Obama's "restraint," says this blogger, is to be admired. He is in possession of "both a first-class intellect and a first-class temperament," said conservative Washington Post columnist Charles Krauthammer, paraphrasing Oliver Wendell Holmes's judgment of FDR. Christopher Buckley cribbed the same line, declaring that Obama "has exhibited throughout a 'first-class temperament.'" I can't disagree with any of these assessments, and I'm all for leaders with a Rooseveltian temperament. But shouldn't we be slightly more skeptical of those in possession of a Rooseveltian vision of domestic policy? And with the McCain issue will likely off the table by tomorrow morning, with the curtain soon to be drawn on the era of Bush's big government conservatism, with no dreaded Republican to do battle with, are we ready for a president with an expansive view of government intervention into the economy? (And yes, Bush was the worst of the worst on spending, but we soon won't have Mr. Bush to kick around anmore.) Will Obama, in this time of crisis, heed the advice of those members of the liberal commentariat agitating for radical economic change; will he push for some kind of New New Deal? According to this John Heilemann story in New York magazine, some of Obama's adviser's are already looking to the ghost of FDR to guide them:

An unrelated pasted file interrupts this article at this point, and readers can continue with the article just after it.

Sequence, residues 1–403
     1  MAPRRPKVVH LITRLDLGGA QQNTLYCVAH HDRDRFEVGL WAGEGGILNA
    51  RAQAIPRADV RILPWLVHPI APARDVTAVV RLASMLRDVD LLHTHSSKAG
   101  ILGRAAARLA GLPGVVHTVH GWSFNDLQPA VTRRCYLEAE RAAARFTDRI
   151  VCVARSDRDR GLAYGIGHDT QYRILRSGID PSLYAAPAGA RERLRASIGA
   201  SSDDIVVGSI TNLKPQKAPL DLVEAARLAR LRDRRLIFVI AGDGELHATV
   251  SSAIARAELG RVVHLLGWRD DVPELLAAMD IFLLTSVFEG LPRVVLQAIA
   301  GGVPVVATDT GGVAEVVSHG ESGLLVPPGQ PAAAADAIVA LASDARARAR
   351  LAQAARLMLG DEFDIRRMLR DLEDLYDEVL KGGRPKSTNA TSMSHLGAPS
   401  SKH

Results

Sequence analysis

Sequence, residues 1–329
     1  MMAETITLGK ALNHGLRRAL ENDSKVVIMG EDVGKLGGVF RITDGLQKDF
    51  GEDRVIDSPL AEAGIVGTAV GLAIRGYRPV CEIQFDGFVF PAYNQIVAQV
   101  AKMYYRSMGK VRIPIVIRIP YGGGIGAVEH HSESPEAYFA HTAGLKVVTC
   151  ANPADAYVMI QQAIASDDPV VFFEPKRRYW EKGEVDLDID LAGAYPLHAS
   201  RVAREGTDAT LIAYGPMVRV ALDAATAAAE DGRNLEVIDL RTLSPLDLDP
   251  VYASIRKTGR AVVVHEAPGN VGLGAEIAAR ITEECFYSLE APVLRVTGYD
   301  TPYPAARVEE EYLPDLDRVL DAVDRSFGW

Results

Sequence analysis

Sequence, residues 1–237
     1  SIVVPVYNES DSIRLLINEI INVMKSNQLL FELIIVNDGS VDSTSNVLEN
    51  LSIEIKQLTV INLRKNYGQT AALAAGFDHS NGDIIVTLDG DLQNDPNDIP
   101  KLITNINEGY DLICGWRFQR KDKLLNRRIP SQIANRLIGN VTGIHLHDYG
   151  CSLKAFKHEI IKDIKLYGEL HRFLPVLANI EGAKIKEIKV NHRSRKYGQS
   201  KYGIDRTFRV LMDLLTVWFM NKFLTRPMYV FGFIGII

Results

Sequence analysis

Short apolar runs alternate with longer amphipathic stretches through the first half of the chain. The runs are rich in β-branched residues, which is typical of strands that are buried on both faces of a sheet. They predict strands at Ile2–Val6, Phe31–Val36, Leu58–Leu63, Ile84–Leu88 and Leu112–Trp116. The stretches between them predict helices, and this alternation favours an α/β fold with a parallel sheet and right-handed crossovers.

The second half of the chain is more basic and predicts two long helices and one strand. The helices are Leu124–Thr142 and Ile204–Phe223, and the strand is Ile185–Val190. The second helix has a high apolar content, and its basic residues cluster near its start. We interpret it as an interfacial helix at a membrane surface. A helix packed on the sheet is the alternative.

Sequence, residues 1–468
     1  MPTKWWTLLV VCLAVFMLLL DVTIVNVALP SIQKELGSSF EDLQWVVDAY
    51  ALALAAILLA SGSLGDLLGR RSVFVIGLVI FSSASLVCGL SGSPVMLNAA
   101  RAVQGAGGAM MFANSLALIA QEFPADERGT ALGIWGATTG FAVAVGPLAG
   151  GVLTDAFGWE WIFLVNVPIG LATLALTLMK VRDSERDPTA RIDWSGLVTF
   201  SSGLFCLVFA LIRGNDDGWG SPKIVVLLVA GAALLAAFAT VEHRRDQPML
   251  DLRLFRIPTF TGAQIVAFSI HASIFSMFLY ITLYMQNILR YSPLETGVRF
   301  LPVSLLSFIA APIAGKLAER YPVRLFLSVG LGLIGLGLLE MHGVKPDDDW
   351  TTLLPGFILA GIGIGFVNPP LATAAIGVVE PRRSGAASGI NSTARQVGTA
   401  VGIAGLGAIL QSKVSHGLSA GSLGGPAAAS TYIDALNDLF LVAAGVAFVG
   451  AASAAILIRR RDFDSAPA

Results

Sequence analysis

"A lot of people around Barack are reading books about FDR's first hundred days," says a member of Obama's kitchen cabinet. "It's a sign of the shift that's going on emotionally: from being on this improbable mission to believing, Hey, we're going to win."
Obama might show "restraint" (whatever that means) and be an astoundingly clever guy, but perhaps it is time for the Obamacons and the Obamatarians to face the prospect of four years of big government liberalism, to accept that American foreign policy probably won't be any less interventionist (just fronted by people lacking that Rumsfeldian bombast). Perhaps we should start thinking about a big, messy healthcare bureaucracy, the victory of card check, an attempt to reintroduce the fairness doctrine, or the establishment of a "fair" (read: protectionist) trade policy.
Oh, and be prepared for more stuff like this bizarre rant from half-witted actor John Cusack, star of the Hitler buddy pic Max ("C'mon Hitler, I'll buy you a glass of lemonade"), who declares in the Huffington Post that "the modern free market system is false but a new revelation shall come." Deep, man. After all, sayth Cusack, we have reached "the end of Milton Friedman, Reaganomics and supply-side theory" and we, as conscripted members of the new CCC, must "help Obama try to implement another New Deal…"